Now let's look at exactly the same type of graph but instead of the 230 volts feeding into a 100 Ohm resistor we will feed it into a capacitor, the value of which we have chosen to draw the same curent as our 100 Ohm resistor. A resistor has "resistance". A capacitor has "reactance". They are measured in the same units (Ohms) but are very different. We have chosen a capacitor with a reactance of 100 Ohms so that the current will be the same magnitude as it was with the resistor.
Now look closely at the graph. The 230 volt waveform is identical to the previous graph. The current waveform is exactly the same magnitude as the previous graph but the waveform is in a different place on the time axis. The current seems to "happen" before the voltage that is driving it by a quarter of a cycle. It is said to be leading the voltage by 90 degrees. A capacitor causes the voltage and current to be out of phase. A perfect capacitor will always have its current leading the voltage by 90 degrees.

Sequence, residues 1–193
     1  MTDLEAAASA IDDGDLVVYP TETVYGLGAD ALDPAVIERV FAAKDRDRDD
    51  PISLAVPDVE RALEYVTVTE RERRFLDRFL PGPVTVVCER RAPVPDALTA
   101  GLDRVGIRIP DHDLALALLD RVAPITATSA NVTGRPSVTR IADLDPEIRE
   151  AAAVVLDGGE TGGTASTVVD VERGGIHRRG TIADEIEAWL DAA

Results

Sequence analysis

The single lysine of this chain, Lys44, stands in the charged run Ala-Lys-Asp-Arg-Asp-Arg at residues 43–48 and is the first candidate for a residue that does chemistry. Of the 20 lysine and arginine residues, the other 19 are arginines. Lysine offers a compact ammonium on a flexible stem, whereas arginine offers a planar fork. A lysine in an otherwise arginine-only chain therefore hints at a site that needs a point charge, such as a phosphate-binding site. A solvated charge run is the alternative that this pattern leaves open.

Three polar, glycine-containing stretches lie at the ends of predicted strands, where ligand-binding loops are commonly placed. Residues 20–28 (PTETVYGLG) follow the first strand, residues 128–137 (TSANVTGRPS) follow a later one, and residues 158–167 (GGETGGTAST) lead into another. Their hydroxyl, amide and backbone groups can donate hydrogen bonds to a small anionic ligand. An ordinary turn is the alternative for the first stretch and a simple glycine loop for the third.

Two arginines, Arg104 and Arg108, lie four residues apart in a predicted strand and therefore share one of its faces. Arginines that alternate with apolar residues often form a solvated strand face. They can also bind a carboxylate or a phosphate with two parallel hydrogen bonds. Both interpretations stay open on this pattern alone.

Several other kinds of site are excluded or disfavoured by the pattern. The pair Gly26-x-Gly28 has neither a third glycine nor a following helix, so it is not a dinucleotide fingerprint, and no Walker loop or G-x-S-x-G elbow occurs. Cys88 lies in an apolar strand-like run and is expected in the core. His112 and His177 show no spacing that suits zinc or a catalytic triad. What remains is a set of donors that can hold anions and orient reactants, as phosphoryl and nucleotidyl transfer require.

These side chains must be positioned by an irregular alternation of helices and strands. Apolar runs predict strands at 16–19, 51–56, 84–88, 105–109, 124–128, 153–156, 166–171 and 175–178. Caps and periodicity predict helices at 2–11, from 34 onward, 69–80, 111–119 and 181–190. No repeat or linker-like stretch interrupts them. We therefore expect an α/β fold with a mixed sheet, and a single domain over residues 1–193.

Now remember that the power is the instantaneous voltage multiplied by the instananeous current. If you do the same thing on this graph you will, of course, end up with the power trace (in blue) at the bottom.
And this is where it starts to get interesting.
The power trace starts at zero, rises to about 500 watts, then returns back to zero. It then reverses and becomes negative. How can we have negative power?
Easy, the power is now being returned to the source, be it a generator, inverter or the national grid.
The area on the power trace that is shaded in grey is where the power is being returned to the source. You will see that the top part of the power trace shows power going into the load, the bottom part shows it being returned. They are exactly the same size. There is actually no power being consumed in the load. It borrows some (which it stores) for a quater of a cycle, then returns it to the source on the next quarter cycle. For the technically minded, in the case of a capacitor, the energy is stored in the electric field between the two plates of the capacitor.
To the uninitiated this seems ridiculous but it is indeed exactly what happens with a perfect capacitor.
We will now look at a similar graph using an inductor............

Page last updated 02/04/2008.
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